Although tort cases are primarily governed by state law, the Congress has broad Constitutional authority to change tort rules under its power to regulate interstate commerce.14 Federal intervention in tort law can have two main benefits. First, it can lower costs by giving manufacturers and other nationwide businesses a single set of standards under which to operate. Advocates of greater federal involvement argue that state preeminence may have been appropriate when most goods were produced locally, but it is inefficient now that firms typically manufacture products in a few locations to sell nationally. Second, whereas state legislatures and courts have an incentive to favor state residents, and thus to design or interpret their legal rules to benefit in-state plaintiffs at the expense of out-of-state defendants, the federal government can potentially take the broad view (in economic terms, “internalize the externality”) and craft rules that take equal account of the interests of all parties nationwide.
Supporters of a more decentralized approach argue that federal involvement in state tort law may not provide equal treatment of all costs and benefits. Rather, it may reflect concentrations of political influence, which can tilt toward plaintiffs at one time and defendants at another. In that view, maintaining state preeminence in tort law reduces the risk of nationwide errors in policy. It also allows greater scope for state innovation and experimentation and a wider range from which people can choose the type of liability regime that appeals to them—one with more extensive protection of injured parties or one with lower costs for businesses (and hence, presumably, lower prices for consumers).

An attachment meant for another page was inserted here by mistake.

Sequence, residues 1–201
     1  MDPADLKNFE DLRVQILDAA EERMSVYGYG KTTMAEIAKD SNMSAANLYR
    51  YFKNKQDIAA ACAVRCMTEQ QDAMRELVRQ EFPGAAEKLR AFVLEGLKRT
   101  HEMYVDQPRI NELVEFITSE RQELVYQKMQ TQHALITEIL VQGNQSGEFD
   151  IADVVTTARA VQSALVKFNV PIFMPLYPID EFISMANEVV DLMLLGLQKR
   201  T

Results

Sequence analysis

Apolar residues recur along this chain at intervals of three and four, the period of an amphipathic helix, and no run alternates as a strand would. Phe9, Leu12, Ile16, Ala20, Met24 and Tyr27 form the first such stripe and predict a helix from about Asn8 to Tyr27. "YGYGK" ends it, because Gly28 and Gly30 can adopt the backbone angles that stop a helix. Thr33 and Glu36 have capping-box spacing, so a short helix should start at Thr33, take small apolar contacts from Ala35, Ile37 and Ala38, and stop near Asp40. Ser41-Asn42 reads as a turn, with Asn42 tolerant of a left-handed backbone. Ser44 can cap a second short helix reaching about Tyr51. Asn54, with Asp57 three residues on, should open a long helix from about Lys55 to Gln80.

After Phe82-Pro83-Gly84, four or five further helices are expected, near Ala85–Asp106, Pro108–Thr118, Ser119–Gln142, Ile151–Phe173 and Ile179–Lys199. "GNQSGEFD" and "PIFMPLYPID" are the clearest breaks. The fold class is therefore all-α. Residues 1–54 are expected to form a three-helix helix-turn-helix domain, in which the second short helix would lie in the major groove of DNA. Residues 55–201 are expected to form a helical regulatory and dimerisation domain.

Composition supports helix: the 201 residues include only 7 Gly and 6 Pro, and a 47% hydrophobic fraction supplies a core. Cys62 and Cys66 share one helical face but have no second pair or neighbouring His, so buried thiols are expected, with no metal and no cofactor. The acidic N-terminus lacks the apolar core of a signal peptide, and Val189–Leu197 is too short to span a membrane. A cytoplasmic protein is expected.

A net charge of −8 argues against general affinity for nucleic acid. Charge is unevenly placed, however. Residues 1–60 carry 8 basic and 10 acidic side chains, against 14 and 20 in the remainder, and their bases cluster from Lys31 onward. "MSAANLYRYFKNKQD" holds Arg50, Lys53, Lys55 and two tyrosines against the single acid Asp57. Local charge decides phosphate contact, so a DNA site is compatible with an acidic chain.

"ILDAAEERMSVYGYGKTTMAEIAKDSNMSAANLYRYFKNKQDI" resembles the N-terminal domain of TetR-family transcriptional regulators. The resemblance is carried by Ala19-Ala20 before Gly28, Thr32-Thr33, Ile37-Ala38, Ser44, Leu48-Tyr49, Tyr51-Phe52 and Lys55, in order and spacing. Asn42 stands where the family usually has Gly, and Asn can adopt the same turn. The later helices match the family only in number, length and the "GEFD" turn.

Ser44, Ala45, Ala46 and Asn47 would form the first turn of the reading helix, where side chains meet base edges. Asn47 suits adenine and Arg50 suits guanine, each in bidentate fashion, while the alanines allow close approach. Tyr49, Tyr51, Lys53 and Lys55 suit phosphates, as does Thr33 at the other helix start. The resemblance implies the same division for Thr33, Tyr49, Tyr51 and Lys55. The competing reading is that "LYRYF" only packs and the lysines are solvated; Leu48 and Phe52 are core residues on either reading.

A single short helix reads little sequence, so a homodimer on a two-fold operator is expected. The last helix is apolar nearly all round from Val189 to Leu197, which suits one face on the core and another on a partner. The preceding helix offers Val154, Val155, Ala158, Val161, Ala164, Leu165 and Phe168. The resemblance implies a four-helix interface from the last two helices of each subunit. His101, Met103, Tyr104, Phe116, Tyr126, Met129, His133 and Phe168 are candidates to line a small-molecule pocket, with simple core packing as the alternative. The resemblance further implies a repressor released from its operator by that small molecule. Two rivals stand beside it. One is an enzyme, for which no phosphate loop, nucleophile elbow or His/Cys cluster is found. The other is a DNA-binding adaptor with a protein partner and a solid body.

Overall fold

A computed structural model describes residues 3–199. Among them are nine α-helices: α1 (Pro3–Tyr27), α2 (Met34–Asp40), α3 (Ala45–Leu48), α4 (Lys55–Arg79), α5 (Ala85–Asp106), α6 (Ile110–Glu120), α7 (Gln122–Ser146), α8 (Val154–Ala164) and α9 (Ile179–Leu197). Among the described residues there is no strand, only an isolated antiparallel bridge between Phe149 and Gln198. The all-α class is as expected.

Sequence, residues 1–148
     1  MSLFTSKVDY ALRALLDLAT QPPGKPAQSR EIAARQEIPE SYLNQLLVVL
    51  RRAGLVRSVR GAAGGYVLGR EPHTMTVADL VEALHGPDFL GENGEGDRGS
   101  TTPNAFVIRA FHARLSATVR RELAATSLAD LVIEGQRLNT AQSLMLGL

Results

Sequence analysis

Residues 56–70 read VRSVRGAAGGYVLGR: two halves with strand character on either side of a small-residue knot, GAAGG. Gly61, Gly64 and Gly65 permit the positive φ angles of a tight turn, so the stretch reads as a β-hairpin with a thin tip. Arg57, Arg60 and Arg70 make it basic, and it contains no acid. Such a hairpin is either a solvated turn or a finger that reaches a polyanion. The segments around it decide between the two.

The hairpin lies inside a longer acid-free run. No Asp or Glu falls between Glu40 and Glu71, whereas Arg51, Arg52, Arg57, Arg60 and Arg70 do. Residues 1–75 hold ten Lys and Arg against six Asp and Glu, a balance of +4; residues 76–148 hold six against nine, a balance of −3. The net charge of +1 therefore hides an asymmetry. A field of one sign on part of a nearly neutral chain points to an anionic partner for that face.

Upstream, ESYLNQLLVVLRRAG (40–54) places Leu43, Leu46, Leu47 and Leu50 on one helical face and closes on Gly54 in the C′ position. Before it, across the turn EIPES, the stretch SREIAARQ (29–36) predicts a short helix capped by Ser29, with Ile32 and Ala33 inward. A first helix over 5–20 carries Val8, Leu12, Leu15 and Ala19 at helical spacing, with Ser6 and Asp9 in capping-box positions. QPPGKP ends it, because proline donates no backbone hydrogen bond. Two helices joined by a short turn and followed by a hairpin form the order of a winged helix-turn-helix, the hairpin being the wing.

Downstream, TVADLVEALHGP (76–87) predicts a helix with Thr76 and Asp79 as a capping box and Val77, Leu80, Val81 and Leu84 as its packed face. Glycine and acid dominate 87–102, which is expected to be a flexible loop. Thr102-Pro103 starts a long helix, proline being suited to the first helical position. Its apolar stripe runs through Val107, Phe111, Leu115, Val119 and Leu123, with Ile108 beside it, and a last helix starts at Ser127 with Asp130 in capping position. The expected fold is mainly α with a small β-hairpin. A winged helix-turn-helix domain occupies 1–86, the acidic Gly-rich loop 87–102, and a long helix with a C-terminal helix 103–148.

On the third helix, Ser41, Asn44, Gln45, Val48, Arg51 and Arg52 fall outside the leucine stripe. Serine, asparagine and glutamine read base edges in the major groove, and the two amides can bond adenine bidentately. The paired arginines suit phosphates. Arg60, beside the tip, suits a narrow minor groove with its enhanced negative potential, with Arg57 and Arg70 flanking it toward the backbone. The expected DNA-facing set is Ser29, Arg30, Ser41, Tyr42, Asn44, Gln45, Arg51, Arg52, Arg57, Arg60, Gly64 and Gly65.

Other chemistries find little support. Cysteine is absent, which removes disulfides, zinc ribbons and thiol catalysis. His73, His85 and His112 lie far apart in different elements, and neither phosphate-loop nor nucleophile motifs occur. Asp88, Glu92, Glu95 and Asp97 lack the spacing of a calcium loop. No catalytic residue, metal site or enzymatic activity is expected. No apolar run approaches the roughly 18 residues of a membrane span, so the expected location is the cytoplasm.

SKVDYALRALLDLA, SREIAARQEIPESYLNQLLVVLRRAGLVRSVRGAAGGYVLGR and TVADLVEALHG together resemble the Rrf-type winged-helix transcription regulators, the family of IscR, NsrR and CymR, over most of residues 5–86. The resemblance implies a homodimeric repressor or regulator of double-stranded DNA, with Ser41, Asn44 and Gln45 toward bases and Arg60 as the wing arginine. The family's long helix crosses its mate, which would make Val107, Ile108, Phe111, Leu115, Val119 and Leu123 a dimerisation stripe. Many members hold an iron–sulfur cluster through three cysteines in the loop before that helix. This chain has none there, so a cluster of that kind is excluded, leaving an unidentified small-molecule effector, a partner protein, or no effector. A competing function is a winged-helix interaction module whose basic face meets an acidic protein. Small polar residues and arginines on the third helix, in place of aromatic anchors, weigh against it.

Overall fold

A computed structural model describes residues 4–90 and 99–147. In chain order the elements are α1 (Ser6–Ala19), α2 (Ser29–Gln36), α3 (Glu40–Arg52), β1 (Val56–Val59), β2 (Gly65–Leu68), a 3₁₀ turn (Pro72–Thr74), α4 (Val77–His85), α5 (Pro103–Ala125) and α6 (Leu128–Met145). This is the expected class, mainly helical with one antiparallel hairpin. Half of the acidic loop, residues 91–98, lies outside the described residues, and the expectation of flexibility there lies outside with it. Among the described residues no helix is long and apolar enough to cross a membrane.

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14. For a discussion of that general authority and some exceptions to it, see Henry Cohen, Federal Tort Reform Legislation: Constitutionality and Summaries of Selected Statutes, CRS Report for Congress 95-797A (Congressional Research Service, updated May 2, 2003).